Mainframe Blog

Subsystem Placement and the Ultimate Workout for the Mainframe

Tom Vogel
2 minute read
Tom Vogel

Muscular professional female powerlifter doing a deadlift in an empty gym space, copy space is on the right side of the image. Uploaded as part of the Lean In Collection.

In many ways, the things that motivate mainframe teams to optimize subsystem placement are analogous to many of the reasons why people exercise and focus on a healthy lifestyle. Regular exercise can make you stronger, more flexible, improve balance and stability, and do much more to help you achieve better overall health, which can enhance your well-being and reduce medical expenses. Some people also take vitamins and supplements to build up their resistance and protect themselves.

Consider how these objectives apply to optimizing the mainframe. For example, our customers tell us they want to improve mainframe performance and availability. They also want to increase flexibility and stability, meet service levels, and ensure redundancy. Plus, they need to do all of this while saving money. After all, achieving these objectives can make the mainframe stronger and more powerful and improve the value of their organizations to the business.

Flex, Stretch, and Save

You’re probably well aware that mainframe Monthly License Charge (MLC) software costs, which typically make up 30 to 50% percent of a typical mainframe budget, continue to rise. But did you know that you can safely lower your MLC costs while continuing to meet a variety of business objectives? In fact, some companies have saved more than $1 million per year in MLC costs by optimizing subsystem placement, while increasing flexibility and boosting redundancy as well. How are they doing this? New technologies, like BMC Subsystem Optimizer, now exist to enable your DB2, IMS, CIC, and MQ subsystems to communicate across LPARs.

Let’s face it, the MLC pricing model is complex. What you pay is not necessarily always what you use. Fortunately, you can reduce MLC costs by removing the architectural restrictions that are inherent with these transactional and database systems communicating with each other. This is done by optimizing where the subsystems are placed – a concept known as “regioning,” which involves isolating subsystems (such as DB2, IMS, or CICS) onto a single LPAR.

Make Your Top 3 Requirements a Reality

Just as you may choose where to apply weights as part of your exercise routine, think about where you’d place subsystems in your environment. Ask yourself, if you could place DB2, CICS, MQ, or IMS subsystems anywhere, where would you put them? Now, think of three objectives for reducing costs and improving availability with subsystem placement optimization. Here’s what they might look like:

  1. Remove the requirement that CICS and IMS TM transaction processing subsystems reside on the same LPAR as the databases being accessed.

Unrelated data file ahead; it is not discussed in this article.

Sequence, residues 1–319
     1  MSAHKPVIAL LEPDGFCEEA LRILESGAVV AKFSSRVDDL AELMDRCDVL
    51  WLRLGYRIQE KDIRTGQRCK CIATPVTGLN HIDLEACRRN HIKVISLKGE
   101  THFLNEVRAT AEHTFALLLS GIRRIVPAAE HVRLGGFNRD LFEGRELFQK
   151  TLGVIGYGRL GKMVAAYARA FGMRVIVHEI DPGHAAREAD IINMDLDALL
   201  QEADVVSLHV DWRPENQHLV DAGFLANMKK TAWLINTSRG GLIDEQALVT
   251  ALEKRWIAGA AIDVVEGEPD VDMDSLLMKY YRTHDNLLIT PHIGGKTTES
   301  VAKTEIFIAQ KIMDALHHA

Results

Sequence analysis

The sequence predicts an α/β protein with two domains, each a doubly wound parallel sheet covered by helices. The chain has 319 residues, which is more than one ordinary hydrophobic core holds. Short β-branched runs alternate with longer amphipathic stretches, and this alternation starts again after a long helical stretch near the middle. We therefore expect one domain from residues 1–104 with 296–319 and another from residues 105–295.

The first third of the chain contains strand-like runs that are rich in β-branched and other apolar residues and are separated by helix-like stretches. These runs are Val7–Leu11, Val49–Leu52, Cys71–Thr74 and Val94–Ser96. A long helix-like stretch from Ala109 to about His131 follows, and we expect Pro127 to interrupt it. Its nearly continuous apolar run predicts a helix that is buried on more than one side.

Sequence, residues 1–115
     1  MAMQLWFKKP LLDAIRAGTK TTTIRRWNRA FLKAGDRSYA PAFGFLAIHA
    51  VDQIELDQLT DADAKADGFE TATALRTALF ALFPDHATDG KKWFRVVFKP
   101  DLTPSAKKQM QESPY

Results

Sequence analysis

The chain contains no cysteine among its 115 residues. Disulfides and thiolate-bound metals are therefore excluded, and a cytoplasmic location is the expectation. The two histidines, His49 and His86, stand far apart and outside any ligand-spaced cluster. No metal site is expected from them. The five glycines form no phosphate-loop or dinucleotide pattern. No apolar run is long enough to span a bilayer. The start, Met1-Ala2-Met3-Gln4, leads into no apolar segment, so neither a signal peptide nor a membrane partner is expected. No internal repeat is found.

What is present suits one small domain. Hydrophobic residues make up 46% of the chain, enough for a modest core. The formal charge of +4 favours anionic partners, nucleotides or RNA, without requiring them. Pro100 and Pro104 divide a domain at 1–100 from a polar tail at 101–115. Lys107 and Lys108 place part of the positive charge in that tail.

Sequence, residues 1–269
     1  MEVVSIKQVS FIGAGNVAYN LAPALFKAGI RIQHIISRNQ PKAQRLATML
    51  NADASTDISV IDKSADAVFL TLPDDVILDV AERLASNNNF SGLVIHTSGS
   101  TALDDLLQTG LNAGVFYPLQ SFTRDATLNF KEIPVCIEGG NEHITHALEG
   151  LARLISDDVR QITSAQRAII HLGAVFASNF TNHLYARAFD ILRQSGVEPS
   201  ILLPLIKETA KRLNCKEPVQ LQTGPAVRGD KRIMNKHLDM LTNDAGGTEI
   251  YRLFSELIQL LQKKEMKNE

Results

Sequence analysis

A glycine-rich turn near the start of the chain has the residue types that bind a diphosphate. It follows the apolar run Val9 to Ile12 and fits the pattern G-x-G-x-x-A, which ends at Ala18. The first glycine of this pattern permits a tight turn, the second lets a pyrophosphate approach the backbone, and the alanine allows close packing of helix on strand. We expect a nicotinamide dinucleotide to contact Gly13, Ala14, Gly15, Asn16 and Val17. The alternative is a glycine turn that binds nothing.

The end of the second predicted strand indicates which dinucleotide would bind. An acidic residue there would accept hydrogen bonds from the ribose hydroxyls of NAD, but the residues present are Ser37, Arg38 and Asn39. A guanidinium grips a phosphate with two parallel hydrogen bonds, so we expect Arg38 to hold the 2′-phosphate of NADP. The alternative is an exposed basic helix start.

2. Increase availability by providing additional redundancy and failover capabilities.
  3. Take a phased approach to optimizing subsystem placement to gradually reduce MLC costs based on your timeframe.

After analyzing your costs and modeling savings, you can make these objectives a reality with BMC Subsystem Optimizer. Optimization can be done easily, quickly and without any application changes. That’s because the solution uses standard IBM APIs.

Concluding paragraph referring back to the workout analogy would be good. (optional)Want more detail? Read this new white paper: How to Quickly Reduce Mainframe Costs and Increase Availability. Leave a comment below to let me know how your company might benefit from this type of technology.

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These postings are my own and do not necessarily represent BMC's position, strategies, or opinion.

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About the author

Tom Vogel

Tom Vogel

Tom Vogel has enjoyed 25 years in the software industry, in various technical, marketing, and business development roles.
At IBM Corporation, Tom managed product launches for various database products on all platforms. Previously, Tom managed the marketing and communications for a host of middleware software packages, such as OpenTV interactive TV software. At Automation Anywhere in San Jose, Tom was the Director of the ERP Business, managing Business Development and Marketing for the company's rapidly growing ERP process automation and testing automation solutions. Tom is experienced in building customer and partner relationships, and has an MBA from Santa Clara University. Today, Tom is the Lead Solutions Marketing Manager for innovative mainframe cost optimization and data management offerings at BMC Software.